The work our members perform is often dangerous.  We put tremendous effort into ensuring their health and safety on the job because we know the hazards that they face every day.

I also want to thank the city’s emergency responders for their efforts, especially those from Toronto EMS who assisted in the rescue and care of their union brothers.

Local 416 will work with our employer and Ministry of Labour investigators to find the cause of this terrible accident and continue working to prevent workplace injuries and deaths in the future.”

Water privatization a health risk for women

A new study underscores the dangers of water privatization for women’s health in Canada and around the world.

The report, Women and Water in Canada: The Significance of Privatization and Commercialization Trends for Women’s Health, was prepared by the National Network on Environments and Women’s’ Health (NNEWH).

Access to clean, safe drinking water is a central determinant of health in Canada, as it is all over the world.  As the primary caretakers of health, women are double affected by decisions about water governance,” said NNEWH Co-Director Anne Rochon Ford.

Read the full report: http://cupe.ca/privatization/water_privatization_hurts_women

45 Colombian union leaders assassinated in 2009

Amid new reports of human rights abuses in Colombia involving the assassination of union leaders, Canada’s largest labour organization says it is appalled the Harper government will try to fast-track approval of a free trade deal with that country.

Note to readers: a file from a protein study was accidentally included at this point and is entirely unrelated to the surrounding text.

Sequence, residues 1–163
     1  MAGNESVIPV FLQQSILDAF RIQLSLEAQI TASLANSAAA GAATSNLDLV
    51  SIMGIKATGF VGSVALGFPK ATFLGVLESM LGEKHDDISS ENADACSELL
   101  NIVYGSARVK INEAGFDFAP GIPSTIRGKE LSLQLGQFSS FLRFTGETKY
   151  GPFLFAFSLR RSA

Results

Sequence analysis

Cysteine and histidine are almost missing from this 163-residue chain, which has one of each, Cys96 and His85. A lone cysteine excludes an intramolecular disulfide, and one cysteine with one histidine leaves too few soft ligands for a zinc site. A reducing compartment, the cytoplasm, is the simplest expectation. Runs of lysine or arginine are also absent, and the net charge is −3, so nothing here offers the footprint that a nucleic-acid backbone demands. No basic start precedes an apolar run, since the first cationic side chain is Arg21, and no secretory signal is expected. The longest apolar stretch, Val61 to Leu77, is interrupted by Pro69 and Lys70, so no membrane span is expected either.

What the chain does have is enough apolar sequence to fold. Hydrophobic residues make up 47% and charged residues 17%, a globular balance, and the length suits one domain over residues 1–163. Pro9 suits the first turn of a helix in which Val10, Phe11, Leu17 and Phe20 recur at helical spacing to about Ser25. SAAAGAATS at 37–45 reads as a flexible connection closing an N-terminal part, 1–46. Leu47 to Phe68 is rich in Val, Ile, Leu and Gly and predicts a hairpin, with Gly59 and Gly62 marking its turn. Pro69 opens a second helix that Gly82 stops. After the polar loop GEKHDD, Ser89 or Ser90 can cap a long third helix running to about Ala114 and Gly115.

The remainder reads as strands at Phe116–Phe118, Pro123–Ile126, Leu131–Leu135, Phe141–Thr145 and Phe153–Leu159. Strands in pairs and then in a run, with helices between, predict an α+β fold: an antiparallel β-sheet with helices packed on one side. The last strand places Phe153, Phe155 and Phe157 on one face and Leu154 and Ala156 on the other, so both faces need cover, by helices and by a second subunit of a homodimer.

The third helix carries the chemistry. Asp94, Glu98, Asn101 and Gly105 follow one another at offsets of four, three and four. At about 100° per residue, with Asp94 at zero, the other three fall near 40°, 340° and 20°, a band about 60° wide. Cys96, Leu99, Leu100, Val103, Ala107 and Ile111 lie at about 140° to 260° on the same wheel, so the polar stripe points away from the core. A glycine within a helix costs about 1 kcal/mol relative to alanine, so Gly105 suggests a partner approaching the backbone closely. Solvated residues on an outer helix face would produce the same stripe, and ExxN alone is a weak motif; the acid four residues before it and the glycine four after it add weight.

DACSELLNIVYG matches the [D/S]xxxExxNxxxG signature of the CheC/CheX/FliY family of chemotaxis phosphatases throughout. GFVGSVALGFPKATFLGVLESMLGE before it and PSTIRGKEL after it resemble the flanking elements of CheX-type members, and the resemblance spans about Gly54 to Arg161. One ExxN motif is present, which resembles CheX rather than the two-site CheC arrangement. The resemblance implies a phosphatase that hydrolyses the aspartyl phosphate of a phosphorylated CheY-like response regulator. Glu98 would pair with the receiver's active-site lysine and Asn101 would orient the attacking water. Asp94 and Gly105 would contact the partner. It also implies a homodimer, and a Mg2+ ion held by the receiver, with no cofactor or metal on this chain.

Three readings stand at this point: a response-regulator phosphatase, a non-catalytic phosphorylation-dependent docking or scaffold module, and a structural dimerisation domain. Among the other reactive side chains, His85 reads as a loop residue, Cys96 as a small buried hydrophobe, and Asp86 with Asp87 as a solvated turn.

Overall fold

I’m deeply saddened by a new report from Colombia’s National Labour School that chronicles the assassination of 45 Colombian trade union leaders in 2009,” says Paul Moist, president of the 600,000-member Canadian Union of Public Employees (CUPE).

The victims were women and men killed by right-wing death squads tied to the government because they were fighting to improve living standards and protect basic rights for Colombian workers.

We renew our call for Canada to carry out an independent human rights impact assessment on the situation in Colombia before any further talks with the Colombian government are held,” says Moist.

Major Common Front demonstration in Montréal on March 20

A major demonstration by the Common Front of Québec government employees will be held in Montréal on Saturday, March 20.  The gathering is set for noon at Place du Canada, on the corner of Peel and René-Lévesque West (Peel or Bonaventure Metro).  The procession towards the offices of Jean Charest will get underway at 1 p.m.

Those living in Montréal are asked to use public transportation to get to the demonstration.  Tour buses will leave from every region in Québec.  Contact the regional offices of the FTQ for schedules and reservations. 

Times-a-wasting!  Those we face at the bargaining table must sense our determination.  Let’s have the greatest possible turnout for this demonstration to show the Charest government our will to obtain respectful working conditions and decent salaries. 

It’s a date! 

Québec City’s trashcan wars: a disappointing verdict

In the matter of privatisation of household waste collection, Québec City’s outside workers are disappointed with the decision handed down by the arbitrator, Denis Provençal, who concluded that the union grievance was premature.  

In his decision, the arbitrator wrote that “therefore, for now, there is no vested and present litigation between the parties” (our underlining).  He also wrote “That is not to say that this decision by the City could not be attacked by the union, later on.”  The union’s officers and its lawyers are going to study the arbitrator’s decision and decide if it will be challenged.

With this turn of events, the representatives of the outside workers union are convinced that ultimately, it will be Québec City’s taxpayers who will pay the cost of this decision.